For curious readers with a copy of the book, the chapter under discussion is entitled “Trafficking”.
I received perhaps one of the more bizarre compliments of my (admittedly short) writing career from a reader over the weekend. In reference to a scene that had some very unsavory people doing some very unsavory things, she commended me on how well I had developed the characters over a relatively short period of time. I’m not going into details here because I’m trying to avoid spoilers but I feel okay in saying that some pretty dark behavior is explored.
The thing that struck me was that my reader commented on the realism of the antagonists’ behavior in this section of the book. Said reader is a veteran Soldier who currently works as a Readjustment Counseling Therapist as the U. S. Department of Veterans Affairs; within the breadth of her professional history, she has counseled a good number of people who have fallen victim to many types of detestable predator. From her experiences, she informed me that the characters in Commune Book One exhibited pattern behavior that she has come to expect from a certain kind of scumbag. Without her actually thanking me explicitly for the way the scene was written, I got the sense that she was grateful that it didn’t devolve into over-the-top melodrama or 1980’s-style Savior Fantasy (i.e. muscle-bound, machine gun totting superman saves helpless damsel).
I was really very happy to get this feedback, as the scene in question was one of the hardest I’ve ever had to write for reasons that should become apparent when it is read. There are so many things I’m trying to deal with in this series that are serious business and need to be done right; things that need to be tackled honestly. A lot of research has been done in a lot of areas with which I never would have come into contact in the hopes of depicting things respectfully rather than devolving into schlock exploitation.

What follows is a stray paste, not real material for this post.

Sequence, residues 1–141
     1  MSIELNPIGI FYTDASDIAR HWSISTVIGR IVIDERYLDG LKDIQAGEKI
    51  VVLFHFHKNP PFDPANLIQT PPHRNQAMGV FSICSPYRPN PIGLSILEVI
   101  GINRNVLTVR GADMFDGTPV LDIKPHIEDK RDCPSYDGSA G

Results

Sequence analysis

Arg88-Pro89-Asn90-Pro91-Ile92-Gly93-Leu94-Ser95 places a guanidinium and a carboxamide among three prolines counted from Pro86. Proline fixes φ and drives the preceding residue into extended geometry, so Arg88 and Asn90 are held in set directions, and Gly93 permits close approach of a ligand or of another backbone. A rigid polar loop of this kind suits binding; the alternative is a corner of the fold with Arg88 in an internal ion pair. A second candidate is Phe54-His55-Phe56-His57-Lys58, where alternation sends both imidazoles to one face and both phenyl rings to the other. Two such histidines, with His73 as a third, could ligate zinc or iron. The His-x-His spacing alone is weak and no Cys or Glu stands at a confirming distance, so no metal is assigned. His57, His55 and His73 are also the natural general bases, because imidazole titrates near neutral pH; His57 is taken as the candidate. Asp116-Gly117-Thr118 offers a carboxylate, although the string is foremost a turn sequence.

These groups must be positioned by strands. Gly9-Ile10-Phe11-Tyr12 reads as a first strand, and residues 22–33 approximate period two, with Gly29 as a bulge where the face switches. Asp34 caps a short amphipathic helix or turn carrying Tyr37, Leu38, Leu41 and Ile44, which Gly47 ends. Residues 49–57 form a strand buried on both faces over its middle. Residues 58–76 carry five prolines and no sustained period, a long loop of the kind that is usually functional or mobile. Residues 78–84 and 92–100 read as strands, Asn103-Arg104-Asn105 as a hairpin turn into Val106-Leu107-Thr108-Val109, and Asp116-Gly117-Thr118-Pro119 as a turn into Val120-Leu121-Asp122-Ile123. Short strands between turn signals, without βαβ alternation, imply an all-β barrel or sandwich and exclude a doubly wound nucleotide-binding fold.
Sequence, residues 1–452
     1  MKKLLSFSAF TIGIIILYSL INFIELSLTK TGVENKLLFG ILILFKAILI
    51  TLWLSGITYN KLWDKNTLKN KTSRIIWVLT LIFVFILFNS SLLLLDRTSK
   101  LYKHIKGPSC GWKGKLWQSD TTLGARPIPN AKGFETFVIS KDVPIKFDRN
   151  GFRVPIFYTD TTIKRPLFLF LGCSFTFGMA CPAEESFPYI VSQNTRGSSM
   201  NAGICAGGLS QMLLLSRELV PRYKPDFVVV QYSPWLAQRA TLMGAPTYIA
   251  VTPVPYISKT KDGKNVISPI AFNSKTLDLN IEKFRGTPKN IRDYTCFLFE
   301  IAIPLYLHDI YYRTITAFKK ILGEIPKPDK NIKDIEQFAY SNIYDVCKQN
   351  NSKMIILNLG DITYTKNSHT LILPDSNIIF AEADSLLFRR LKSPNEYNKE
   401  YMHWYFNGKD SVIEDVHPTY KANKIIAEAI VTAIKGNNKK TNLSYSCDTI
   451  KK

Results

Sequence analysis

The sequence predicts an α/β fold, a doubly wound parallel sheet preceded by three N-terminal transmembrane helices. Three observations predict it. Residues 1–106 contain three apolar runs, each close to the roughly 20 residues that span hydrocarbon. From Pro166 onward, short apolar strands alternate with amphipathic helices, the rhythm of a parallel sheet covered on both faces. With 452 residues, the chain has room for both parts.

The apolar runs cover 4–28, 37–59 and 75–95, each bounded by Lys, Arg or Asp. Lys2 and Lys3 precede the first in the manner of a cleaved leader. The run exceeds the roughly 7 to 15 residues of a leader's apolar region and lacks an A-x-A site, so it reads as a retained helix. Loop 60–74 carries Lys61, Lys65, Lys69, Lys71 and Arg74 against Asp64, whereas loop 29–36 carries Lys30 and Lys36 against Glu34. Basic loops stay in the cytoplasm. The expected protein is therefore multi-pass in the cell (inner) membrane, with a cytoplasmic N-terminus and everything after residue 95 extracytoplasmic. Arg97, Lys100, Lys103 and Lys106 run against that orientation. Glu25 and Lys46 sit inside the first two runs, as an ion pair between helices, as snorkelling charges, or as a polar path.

I include the use of the adjective “strange” here in this article because, honestly, I didn’t do a great deal of research into the mindset of the predators that I’m depicting in this scene – I spent much more time looking into survivor behavior and coping mechanisms to ensure that the protagonist was faithful to life. It was important to me that the antagonists be better than two dimensional villains…and that was about it. I wanted them to exhibit behaviors that, taken in isolation, would seem humorous or even likeable; at no point did I want to have your basic, boring mustache-twirling antagonist. This would help to serve as an additional shot of cold water to both the characters and the reader when their more despicable behavior comes into play.
From the perspective of predator psychology, I tried only to dream up behavior that, to my mind, was truly horrific – the most human of evils, so to speak. There are two primary types exhibited in the scene in question: the simple blind, unreasonable rage and the more sinister evil lacking in all self awareness (evil that doesn’t realize that it is evil, in other words). The behavior of the respective characters developed naturally from these two psychologies. The fact that (according to a skilled therapist) I was able to produce an accurate portrayal of these behaviors naturally from within my own mind is a little off-putting…